Pelosi Vows Love Fest at Dem Convention

Rick Moran
Making it clear that she will not allow any convention challenges by the Clinton campaign, Speaker Nancy Pelosi says that the nomination race will be over before the middle of June:

Pelosi predicted Wednesday that a presidential nominee will emerge in the week after the final Democratic primaries on June 3, but she said "I will step in" if there is no resolution by late June regarding the seating of delegates from Florida and Michigan, the two states that defied party rules by holding early primaries.

"Because we cannot take this fight to the convention," she said. "It must be over before then."

Pelosi made the comments during a wide-ranging hourlong session with The Chronicle's editorial board. She talked about the prospects for the election of a Democratic president this fall, the legacy of President Bush and the California Supreme Court's ruling legalizing same-sex marriage.

The speaker talked in depth about the party's dilemma as its primary process comes to a close after Sunday's Puerto Rico primary, in which 55 delegates are at stake, and Tuesday's South Dakota and Montana primaries, in which 33 total delegates are up for grabs.

Also, it appears that the party is ready to give Florida and Michigan half the delegates they would normally be entitled to when the Rules Committee meets this Saturday. This ends any chance at all that Hillary Clinton could close the gap significantly with Obama in the number of delegates.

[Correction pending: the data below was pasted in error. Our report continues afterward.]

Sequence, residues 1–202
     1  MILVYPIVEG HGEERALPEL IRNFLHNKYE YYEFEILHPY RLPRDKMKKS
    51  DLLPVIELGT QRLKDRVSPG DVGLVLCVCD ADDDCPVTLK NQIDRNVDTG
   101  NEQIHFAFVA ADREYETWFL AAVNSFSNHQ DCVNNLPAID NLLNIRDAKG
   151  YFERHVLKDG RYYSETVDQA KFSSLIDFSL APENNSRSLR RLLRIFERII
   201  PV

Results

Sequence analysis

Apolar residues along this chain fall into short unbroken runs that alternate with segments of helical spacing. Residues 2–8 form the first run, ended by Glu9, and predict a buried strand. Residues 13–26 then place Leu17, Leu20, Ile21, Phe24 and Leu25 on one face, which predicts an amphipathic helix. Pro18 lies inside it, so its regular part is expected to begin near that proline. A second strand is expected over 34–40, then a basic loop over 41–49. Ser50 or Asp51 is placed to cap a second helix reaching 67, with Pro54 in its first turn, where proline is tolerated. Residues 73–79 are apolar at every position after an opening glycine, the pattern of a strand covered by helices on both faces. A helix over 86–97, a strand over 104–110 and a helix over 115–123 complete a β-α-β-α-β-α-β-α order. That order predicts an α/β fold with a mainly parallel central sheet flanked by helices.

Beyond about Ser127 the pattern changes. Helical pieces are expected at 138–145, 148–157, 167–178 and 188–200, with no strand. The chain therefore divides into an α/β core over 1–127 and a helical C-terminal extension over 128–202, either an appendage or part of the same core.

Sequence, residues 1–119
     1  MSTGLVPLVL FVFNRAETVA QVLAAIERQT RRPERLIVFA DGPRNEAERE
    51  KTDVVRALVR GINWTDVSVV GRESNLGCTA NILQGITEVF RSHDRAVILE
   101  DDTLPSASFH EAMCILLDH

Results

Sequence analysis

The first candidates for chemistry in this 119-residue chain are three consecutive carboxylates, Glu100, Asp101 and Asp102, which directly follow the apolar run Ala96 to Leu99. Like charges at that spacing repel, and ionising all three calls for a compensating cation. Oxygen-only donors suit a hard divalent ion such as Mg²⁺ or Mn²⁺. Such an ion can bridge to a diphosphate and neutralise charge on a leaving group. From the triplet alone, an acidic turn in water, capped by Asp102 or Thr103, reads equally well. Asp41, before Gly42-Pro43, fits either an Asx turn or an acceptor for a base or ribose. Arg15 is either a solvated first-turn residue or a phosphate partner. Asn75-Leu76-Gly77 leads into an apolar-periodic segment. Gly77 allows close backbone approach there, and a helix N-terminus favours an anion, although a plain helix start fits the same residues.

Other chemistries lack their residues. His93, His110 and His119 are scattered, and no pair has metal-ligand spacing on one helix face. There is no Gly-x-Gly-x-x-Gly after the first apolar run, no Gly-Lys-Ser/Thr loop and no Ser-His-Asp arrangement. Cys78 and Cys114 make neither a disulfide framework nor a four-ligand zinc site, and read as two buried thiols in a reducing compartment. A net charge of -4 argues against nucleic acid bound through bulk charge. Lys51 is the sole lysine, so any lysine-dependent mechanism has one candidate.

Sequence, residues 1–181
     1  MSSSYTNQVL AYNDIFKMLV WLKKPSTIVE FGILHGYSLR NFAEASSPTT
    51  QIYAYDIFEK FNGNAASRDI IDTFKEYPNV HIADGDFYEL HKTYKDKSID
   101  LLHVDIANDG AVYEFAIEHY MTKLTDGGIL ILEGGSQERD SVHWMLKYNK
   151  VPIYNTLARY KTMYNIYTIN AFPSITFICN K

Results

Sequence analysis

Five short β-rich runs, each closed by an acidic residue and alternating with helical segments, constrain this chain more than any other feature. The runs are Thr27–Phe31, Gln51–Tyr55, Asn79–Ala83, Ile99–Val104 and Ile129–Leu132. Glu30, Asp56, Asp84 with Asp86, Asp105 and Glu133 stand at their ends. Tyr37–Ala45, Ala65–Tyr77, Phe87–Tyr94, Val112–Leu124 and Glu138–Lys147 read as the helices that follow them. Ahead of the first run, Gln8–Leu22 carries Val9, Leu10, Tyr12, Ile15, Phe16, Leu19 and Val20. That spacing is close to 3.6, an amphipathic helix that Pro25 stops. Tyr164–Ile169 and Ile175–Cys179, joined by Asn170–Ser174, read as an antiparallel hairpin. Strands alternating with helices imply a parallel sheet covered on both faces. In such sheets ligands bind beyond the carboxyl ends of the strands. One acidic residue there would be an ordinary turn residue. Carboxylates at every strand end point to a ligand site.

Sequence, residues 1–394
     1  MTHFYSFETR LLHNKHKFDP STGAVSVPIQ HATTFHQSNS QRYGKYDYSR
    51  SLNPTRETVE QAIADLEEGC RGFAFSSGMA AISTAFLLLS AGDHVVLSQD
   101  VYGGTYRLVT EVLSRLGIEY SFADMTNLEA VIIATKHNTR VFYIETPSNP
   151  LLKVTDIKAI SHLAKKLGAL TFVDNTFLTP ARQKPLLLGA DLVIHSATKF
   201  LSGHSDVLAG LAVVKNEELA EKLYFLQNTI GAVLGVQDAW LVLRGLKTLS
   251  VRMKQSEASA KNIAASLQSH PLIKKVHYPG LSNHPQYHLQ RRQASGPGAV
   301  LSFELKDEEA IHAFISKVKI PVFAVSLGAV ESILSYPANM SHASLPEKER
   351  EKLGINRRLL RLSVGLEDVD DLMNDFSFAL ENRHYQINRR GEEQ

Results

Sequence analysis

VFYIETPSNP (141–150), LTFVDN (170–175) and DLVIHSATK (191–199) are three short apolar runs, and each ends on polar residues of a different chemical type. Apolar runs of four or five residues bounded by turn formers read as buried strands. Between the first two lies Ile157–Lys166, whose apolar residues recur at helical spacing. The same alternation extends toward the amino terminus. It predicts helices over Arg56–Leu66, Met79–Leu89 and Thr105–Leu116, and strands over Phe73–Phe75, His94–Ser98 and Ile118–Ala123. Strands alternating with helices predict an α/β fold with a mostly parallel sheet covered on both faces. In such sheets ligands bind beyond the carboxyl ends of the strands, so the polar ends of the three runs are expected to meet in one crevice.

It is hard to see how Clinton continues her campaign once Obama has gone over the top. It is likely once that happens, that a wholesale exodus of Superdelegates from her camp will take place and she will have no choice but to concede the nomination to Obama.
Making it clear that she will not allow any convention challenges by the Clinton campaign, Speaker Nancy Pelosi says that the nomination race will be over before the middle of June:

Pelosi predicted Wednesday that a presidential nominee will emerge in the week after the final Democratic primaries on June 3, but she said "I will step in" if there is no resolution by late June regarding the seating of delegates from Florida and Michigan, the two states that defied party rules by holding early primaries.

"Because we cannot take this fight to the convention," she said. "It must be over before then."

Pelosi made the comments during a wide-ranging hourlong session with The Chronicle's editorial board. She talked about the prospects for the election of a Democratic president this fall, the legacy of President Bush and the California Supreme Court's ruling legalizing same-sex marriage.

The speaker talked in depth about the party's dilemma as its primary process comes to a close after Sunday's Puerto Rico primary, in which 55 delegates are at stake, and Tuesday's South Dakota and Montana primaries, in which 33 total delegates are up for grabs.

Also, it appears that the party is ready to give Florida and Michigan half the delegates they would normally be entitled to when the Rules Committee meets this Saturday. This ends any chance at all that Hillary Clinton could close the gap significantly with Obama in the number of delegates.

It is hard to see how Clinton continues her campaign once Obama has gone over the top. It is likely once that happens, that a wholesale exodus of Superdelegates from her camp will take place and she will have no choice but to concede the nomination to Obama.